Feelings of Inadequacy Cloud International Cross-Border Data Transfers


Companies need more legal options to transfer data globally across borders, speakers at the 39th International Conference of Data Protection and Privacy Commissioners (ICDPPC) in Hong Kong said Sept. 29.

Monika Tomczak-Gorlikowska, data privacy legal counsel for Shell International, criticized European Union adequacy findings—by which the bloc judges a third country to have data safeguards in place that are equivalent to EU standards—are too rigid. Schemes that allow companies to demonstrate their accountability are more useful, she said.

Europe dividing the world into adequate and non-adequate jurisdictions is “akin to data localization” that requires companies to store data inside the borders of the country where it was collected, Tomczak-Gorlikowska said.

Nigel Cory, a trade analyst at the Washington-based Information Technology and Innovation Foundation, said regulators should grasp that data security doesn't depend on location. Cloud providers should be recognized as adequate platforms for the protection of personal data, he said. Major cloud providers, such as Amazon.com Inc., Alphabet Inc.’s Google, IBM Corp. and Microsoft Corp., are better able to protect data than a small company that receives personal data freely because it happens to be located in a country held to be adequate to protect privacy, Cory said.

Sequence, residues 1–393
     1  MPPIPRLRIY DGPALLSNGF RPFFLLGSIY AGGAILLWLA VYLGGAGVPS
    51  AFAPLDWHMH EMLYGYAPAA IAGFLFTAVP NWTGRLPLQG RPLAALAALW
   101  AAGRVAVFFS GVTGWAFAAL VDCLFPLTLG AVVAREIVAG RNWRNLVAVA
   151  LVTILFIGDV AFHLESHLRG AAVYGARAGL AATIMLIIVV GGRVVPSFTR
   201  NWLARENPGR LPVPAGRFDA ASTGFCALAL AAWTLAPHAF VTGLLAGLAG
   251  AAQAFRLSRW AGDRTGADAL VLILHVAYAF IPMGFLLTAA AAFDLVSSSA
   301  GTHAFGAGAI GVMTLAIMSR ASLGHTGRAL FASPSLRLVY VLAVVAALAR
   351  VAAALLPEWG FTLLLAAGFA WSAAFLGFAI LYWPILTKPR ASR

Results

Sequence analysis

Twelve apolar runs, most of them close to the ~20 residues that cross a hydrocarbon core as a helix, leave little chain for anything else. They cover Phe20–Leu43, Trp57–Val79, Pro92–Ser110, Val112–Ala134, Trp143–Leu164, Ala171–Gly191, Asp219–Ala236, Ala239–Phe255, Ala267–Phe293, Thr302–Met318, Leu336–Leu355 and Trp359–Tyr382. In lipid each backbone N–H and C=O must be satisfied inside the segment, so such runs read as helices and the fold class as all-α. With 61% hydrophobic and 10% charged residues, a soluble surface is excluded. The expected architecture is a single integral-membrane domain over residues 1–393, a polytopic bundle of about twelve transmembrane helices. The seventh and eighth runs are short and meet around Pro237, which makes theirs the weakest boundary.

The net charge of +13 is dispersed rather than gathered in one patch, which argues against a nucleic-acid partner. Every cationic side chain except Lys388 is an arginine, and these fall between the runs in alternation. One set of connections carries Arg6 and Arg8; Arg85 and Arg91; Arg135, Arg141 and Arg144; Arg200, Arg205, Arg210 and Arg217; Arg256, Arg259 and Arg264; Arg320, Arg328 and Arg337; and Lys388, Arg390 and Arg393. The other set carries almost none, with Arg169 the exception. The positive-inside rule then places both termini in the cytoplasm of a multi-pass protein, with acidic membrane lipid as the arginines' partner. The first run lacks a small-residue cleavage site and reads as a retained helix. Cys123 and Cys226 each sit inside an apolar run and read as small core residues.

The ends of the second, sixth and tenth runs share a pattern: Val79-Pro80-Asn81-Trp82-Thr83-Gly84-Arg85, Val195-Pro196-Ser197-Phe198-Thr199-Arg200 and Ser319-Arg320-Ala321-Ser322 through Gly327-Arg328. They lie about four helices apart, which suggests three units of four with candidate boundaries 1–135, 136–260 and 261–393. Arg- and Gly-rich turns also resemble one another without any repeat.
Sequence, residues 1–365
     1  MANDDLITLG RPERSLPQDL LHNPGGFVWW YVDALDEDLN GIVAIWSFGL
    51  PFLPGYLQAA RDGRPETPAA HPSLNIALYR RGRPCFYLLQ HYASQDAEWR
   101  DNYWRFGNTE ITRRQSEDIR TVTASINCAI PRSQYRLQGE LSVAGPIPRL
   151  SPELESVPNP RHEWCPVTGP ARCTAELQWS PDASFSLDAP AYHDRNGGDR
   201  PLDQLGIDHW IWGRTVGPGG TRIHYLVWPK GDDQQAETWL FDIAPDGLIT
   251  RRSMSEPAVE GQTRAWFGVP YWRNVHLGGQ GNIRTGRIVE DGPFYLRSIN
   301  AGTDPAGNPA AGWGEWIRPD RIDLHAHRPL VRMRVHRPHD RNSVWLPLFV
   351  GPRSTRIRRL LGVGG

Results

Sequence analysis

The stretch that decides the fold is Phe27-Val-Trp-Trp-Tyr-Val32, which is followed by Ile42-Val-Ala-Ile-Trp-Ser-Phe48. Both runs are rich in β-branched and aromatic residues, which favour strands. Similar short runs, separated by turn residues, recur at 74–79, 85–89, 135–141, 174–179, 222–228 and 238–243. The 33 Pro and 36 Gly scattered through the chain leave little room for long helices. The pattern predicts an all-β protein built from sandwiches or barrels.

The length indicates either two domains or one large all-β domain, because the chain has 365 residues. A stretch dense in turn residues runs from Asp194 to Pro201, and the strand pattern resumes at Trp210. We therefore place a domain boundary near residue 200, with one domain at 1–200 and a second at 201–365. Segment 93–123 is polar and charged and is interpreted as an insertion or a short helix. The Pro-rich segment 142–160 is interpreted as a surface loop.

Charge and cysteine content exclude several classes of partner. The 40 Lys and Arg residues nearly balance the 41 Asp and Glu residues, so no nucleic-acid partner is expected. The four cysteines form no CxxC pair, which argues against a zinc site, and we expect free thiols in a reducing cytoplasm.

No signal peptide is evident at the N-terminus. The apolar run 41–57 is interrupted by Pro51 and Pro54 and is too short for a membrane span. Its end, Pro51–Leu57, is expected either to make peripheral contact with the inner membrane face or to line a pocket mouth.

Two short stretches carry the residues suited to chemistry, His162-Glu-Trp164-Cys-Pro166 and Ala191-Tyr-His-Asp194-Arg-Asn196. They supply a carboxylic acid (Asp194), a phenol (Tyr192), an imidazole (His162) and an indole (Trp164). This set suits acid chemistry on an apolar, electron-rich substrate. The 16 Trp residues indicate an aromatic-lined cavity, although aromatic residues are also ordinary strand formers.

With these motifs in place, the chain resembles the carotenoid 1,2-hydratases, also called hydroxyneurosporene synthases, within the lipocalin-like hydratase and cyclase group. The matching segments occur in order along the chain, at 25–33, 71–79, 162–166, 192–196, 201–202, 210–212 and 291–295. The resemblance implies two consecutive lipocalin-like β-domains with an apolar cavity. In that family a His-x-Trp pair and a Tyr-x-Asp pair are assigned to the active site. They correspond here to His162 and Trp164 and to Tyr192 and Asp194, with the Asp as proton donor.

Julie Brill, deputy general counsel for global privacy for Microsoft Corp. and a former commissioner on the Federal Trade Commission, said greater use of secure cloud services would “facilitate and augment the activities of smaller entities” in protecting personal data, and should be taken into account by regulators when deciding on international transfers.

Bruno Gencarelli, head of the data protection unit in the European Commission, the European Union's executive arm, defended EU adequacy decisions as sufficiently flexible. He said that the EU-U.S. Privacy Shield data transfer pact was a “partial adequacy decision” in that it only applied to companies that self-certify under the scheme.

The EU’s new privacy regime, the General Data Protection Regulation, which is set to take full effect in May 2018, will introduce greater possibilities for companies to use certification schemes and codes of conduct to facilitate international transfers of data, Gencarelli said.

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